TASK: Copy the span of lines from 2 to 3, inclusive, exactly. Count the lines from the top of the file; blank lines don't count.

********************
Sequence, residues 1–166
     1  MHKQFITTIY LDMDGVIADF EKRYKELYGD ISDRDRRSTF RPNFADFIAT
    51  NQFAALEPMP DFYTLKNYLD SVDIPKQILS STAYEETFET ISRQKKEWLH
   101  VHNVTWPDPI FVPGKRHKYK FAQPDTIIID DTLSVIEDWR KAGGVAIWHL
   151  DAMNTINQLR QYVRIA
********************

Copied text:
     1  MHKQFITTIY LDMDGVIADF EKRYKELYGD ISDRDRRSTF RPNFADFIAT
    51  NQFAALEPMP DFYTLKNYLD SVDIPKQILS STAYEETFET ISRQKKEWLH